A cardinal principle of the government’s new pay policy – “not to make workers worse off” – was violated when some workers of Ghana News Agency were paid less than their previous salaries under the Single Spine Salary Structure (SSSS) in January 2010.
Also the names of some of the workers, including a member of the Management Team, were omitted. The aggrieved workers were very angry and threatened to stop work until the anomaly was rectified.
Those affected included Mr Mukaila Seidu, Principal Plumber and Acting Estate Officer, who was paid GH¢313. 50 in January 2011 compared to the GH¢344.83 he received in December 2010.
Another worker, Solomon Tetteh said: “I can’t believe it. My old pay is better than the single spine pay. I have been cheated by over GH¢50 by the Fair Wages and Salaries Commission, adding;” My old poor pay is better Mr President,” referring to President John Evans Atta Mills.
Mr Kissi Yeboah; an Editor at the Home Desk said: “I don’t think this is the single spine the government promised. I can’t have that meagre increase in my salary and call it a new pay structure. This for me is not the single spine I expected”.
He claimed that, an Editor, who is four steps behind him in the Agency on the same rank, received a higher salary than him under the SSSS. “How can these happen?” He asked.
Nana Asamoah-Asare, a Chief Reporter, who expressed utter disbelief asked; “How can a senior secondary school graduate earn more than a degree holder under the SSSS?”
According to him, the explanation that these levels would change in the course of time was untenable since “other Ghanaians in other public sector institutions are better off under the structure though they are not as sensitive and strategic in maintaining national stability and cohesion as the GNA.”
Mr Rex Annan, Administrative Manager, said: “Instead of making people better off, the spine has rather made people in GNA worse off,” adding, “this is strange. My name is not even on the single spine pay roll. I don’t know why. You are working on only 200 people and then you make such mistakes. How can that be?”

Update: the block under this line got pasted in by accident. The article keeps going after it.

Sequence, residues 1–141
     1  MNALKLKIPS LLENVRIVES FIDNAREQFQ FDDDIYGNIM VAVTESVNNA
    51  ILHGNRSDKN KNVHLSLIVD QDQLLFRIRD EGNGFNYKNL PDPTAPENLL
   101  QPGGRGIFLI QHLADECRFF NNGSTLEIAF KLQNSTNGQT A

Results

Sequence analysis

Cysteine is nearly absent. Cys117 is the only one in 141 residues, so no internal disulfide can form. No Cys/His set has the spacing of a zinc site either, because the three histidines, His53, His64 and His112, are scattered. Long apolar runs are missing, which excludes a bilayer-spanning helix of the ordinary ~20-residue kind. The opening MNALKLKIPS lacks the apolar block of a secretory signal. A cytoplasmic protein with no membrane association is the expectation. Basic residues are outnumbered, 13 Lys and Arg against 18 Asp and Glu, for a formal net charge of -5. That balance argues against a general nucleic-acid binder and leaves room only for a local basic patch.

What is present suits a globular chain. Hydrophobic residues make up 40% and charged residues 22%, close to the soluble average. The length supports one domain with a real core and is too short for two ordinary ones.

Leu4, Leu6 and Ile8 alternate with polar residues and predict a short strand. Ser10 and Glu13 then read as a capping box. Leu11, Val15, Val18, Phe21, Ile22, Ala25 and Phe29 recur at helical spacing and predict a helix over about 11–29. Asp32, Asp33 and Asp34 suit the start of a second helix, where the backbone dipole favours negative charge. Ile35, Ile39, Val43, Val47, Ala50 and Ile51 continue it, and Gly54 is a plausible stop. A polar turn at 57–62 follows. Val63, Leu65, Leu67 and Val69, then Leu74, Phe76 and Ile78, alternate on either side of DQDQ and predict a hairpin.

A cursory glance at a copy of the Fair Wages and Salaries Commission’s Mapping Form for the GNA from the existing salary structure to the SSSS showed that more than 20 workers were paid salaries far lower than what they received in December 2010. While some staff have their January salaries reduced by about GH¢50, others saw more than GH¢100 reduction.
The situation has thrown the workers into a state of worry and shock, especially because of the high expectations they had about the new pay coming to improve their conditions, which has been generally bad because of their low remuneration compared to sister media institutions in the country.
When the GNA contacted Mr George Graham-Smith, Chief Executive Officer of the Fair Wages and Salaries Commission, he expressed shock at the situation and indicated that it could be an anomaly because the principle of not making someone worse-off underpinned the pay policy and that could not be compromised.
He explained that the GNA was the second organisation that had reported to the Commission about such a problem and that it might have arisen because a proper test-run was not done to okay the mapping that migrated GNA onto the SSSS.
“Nobody should be made worse off. It should not happen in the first place on the new pay,” Mr Graham-Smith emphasised, and explained that on the mapping form if a worker’s existing salary was seen to be higher than what the single spine has quoted, the difference in the person’s pay should not be deducted but rather he should be made to enjoy the old salary.
Mr Graham-Smith, therefore, called on all public sector institutions that were yet to be migrated on to the SSSS to always ensure that they together with the Controller and Accountant General’s Department performed a thorough test-run before issuing pay slips out or effecting payment of salaries.
On the issue of why some people were not migrated on to the SSSS, he explained, that that anomaly could also have been resolved if a proper test-run were conducted.
“When the Fair Wages and Salaries Commission completes the mapping with an institution, it is the responsibility of that organisation’s human resource personnel or financial team to crosscheck with the Controller to fine-tune the details before the pay slips are issued,” Mr Graham-Smith said.